DIY Drainage Guide for Lawns & Yards
DIY Drainage Guide for Lawns & Yards
Please first read Step 1 of our Drainage Guide
In Step 2 you will find information on:
NOTE: There are a lot of links in the article below. IT IS IMPORTANT TO USE THEM.
Most go to other pages in our Drainage Guide. They allow this complex subject to be presented in a compact form.
This section will describe both how to design your water drainage system, and maybe how to avoid having to install one at all. Gather your sketches and notes and we will get started.
Look at your notes from Step One - "How To Analyze Your Yard Drainage Problems" - to see how long it took the different areas of standing water to disappear and to decide which situation below fits your lawn or garden drainage issue. The links below will take you to specific design and installation information.
If the standing water disappeared in an hour or two...
then your lawn, yard, and garden has decent drainage and all you probably need to do is to fix any downspout problems.
If you have water collecting next to your foundation...
then you will need to check and correct the slope of the ground next to your foundation FIRST.
If there were no Rainy Rivers, or they disappeared quickly, or flowed into a safe area...
then you can focus on eliminating any Soggy Lawn Swamps by installing a French drain or building drywells to drain them quickly. Along with fixing any downspout problems.
If your drainage problems are more severe, or fit into multiple categories...
then you will have to design and install a connected drainage system utilizing the information below.
Be sure to follow the link for each topic to read more about it.
Foundation drainage and downspout issues are critical
A soggy lawn is annoying, but a flooded basement or crawlspace is expensive and potentially destructive. Always fix foundation and gutter drainage issues first.
Keep your water on your own property if at all possible
Draining your excess water away to the street or a ditch seems like a simple solution, but it just transfers your problem to others. Also your lawn, trees, and plants will be healthier if you have created a store of rain water in the subsoil for your plants to access in dry times. Only after all other options to improve your drainage and keep the water in your own soil should you send the excess off-site.
Water will flow along the path of least resistance
Water flows downhill, not uphill. Water will flow through loose gravel easier than through tight soil. Water will flow through a pipe easier that through gravel or soil. Drainage is improved when water can easily flow from soggy areas to drier areas.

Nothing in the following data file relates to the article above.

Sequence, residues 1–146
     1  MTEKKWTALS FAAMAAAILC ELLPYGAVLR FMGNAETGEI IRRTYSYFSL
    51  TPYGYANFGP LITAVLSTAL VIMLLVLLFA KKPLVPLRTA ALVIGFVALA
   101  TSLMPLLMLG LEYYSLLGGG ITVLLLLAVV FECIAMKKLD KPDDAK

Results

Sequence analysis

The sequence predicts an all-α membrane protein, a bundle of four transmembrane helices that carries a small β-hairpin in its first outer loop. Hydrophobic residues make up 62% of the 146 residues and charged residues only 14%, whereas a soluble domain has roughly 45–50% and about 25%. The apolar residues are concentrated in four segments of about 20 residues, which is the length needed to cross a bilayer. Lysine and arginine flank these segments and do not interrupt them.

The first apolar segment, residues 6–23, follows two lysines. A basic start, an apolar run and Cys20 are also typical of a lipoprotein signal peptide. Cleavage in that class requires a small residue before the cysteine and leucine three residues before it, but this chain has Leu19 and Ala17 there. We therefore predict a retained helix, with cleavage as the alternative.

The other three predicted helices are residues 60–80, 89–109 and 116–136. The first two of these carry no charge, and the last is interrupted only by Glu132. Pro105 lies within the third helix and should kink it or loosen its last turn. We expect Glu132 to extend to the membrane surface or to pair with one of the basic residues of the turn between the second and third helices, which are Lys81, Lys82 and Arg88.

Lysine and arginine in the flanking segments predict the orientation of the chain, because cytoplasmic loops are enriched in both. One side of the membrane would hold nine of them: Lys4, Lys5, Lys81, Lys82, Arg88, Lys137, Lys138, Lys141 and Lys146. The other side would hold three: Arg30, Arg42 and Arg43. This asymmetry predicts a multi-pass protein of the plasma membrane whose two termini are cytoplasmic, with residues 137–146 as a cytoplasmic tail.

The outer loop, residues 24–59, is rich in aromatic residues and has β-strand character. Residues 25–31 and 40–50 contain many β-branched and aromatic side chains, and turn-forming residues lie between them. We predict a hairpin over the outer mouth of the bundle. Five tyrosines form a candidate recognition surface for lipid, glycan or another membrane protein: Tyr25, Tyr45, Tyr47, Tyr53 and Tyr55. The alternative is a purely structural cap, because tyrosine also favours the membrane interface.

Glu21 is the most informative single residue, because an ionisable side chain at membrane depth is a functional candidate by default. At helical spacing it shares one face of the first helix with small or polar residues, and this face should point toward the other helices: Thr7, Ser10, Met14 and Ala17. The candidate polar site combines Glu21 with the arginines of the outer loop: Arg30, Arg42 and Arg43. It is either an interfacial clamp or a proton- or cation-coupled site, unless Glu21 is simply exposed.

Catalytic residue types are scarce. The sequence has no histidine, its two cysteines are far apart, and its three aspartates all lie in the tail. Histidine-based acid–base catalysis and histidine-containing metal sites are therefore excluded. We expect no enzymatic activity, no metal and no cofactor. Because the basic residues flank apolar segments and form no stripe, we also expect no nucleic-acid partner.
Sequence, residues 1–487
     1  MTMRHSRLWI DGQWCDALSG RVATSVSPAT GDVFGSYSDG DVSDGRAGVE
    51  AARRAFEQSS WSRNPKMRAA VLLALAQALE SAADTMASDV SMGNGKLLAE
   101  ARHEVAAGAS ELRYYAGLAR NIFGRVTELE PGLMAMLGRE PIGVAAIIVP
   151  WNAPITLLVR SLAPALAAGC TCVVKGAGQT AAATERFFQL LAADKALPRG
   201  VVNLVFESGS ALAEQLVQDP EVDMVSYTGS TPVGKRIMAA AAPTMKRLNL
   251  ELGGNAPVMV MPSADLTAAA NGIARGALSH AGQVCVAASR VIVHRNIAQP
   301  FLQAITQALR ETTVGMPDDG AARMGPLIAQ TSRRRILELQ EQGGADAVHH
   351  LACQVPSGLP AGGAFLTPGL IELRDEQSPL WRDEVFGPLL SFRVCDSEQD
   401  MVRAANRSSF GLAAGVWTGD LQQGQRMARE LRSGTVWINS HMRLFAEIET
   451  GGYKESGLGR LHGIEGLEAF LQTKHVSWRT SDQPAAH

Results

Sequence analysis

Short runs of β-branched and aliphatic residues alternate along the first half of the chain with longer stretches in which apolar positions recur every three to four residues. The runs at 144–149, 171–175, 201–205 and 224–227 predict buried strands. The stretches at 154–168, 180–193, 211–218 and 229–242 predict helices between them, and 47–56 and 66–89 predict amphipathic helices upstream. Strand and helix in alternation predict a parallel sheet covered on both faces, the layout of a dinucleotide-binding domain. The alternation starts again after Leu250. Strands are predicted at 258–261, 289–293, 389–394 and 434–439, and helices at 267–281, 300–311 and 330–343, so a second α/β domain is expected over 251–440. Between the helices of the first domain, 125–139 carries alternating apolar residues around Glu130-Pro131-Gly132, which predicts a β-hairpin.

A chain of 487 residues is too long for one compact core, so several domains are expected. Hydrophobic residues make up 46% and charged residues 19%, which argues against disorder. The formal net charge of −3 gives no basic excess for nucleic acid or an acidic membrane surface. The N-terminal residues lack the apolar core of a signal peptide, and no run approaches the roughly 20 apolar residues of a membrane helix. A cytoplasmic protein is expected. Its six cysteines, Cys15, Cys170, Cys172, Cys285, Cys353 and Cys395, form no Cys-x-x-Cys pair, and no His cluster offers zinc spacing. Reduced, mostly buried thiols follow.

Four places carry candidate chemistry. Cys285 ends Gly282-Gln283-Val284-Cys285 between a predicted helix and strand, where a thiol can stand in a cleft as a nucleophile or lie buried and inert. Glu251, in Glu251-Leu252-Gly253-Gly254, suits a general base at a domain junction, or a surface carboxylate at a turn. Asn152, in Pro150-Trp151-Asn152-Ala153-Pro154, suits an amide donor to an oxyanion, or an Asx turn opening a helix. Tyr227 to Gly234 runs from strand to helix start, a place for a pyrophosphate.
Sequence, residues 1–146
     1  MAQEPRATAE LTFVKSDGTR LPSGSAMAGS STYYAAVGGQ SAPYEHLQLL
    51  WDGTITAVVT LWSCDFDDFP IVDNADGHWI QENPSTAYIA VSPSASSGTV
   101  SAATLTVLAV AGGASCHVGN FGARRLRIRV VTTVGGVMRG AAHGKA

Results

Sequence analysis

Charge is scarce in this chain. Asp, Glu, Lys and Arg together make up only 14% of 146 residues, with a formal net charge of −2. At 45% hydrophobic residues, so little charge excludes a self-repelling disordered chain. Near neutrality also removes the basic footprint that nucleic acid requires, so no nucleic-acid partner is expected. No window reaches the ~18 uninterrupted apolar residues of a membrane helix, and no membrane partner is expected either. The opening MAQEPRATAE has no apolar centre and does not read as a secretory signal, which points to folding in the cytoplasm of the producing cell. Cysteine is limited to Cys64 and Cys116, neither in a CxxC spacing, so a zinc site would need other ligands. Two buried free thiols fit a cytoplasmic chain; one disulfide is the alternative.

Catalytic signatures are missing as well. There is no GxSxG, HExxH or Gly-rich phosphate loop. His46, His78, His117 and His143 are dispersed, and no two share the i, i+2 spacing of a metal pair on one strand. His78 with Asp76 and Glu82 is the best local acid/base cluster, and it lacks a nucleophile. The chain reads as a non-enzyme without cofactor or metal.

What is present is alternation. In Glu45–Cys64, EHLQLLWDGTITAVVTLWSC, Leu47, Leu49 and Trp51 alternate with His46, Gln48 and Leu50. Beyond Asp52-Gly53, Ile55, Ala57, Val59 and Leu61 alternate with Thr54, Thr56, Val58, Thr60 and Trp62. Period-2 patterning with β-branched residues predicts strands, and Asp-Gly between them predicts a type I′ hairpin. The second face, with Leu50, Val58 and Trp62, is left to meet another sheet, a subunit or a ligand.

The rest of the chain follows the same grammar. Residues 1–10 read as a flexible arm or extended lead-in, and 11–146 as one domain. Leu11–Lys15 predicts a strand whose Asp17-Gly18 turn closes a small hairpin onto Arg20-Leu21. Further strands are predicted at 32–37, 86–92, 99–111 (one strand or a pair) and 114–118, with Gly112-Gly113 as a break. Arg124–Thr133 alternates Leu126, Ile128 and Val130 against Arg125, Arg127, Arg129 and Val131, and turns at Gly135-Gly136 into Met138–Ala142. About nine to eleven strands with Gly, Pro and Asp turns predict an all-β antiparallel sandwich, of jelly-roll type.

A French drain is simply a trench full of gravel that moves water horizontally
A french drain collects water from a soggy area and distributes that water to drier areas. French drain systems often contain one or more pipes buried in the gravel trench to speed up the water flow.
Water can flow into, out of, or through drainage pipe
Remember that there are two types of drain pipe: perforated and solid. Perforated pipe has many holes punched or drilled into it to allow water to both enter and exit the pipe. In any drainage system design, there is often water flowing IN through the perforations in a soggy area at the same time there is water flowing OUT of the perforations in a drier area. The perforations always go on the bottom. Solid pipe is used in a drainage system to carry water PAST areas where you do not want to add more water. Most drainage systems need to use both types of pipe, in different areas.
A drywell quickly moves water deeper into the subsoil.
The purpose of a drywell is to allow water to enter the deeper subsoil faster and easier. It is simply a hole dug downward into the subsoil and filled with gravel or a sleeve. A small drywell can be dug with a posthole digger. A large drywell may use a drum or a precast concrete cylinder as a sleeve.
Designing a drainage system is a bit complex, but fortunately most of the knowledge and techniques are fairly simple.
Please read ALL of the above linked sections before going on to Step Three - "How To Diagram and Layout a Yard Drainage System"
Page creation date: 2008-06-15 / Last modified: 2015-02-07
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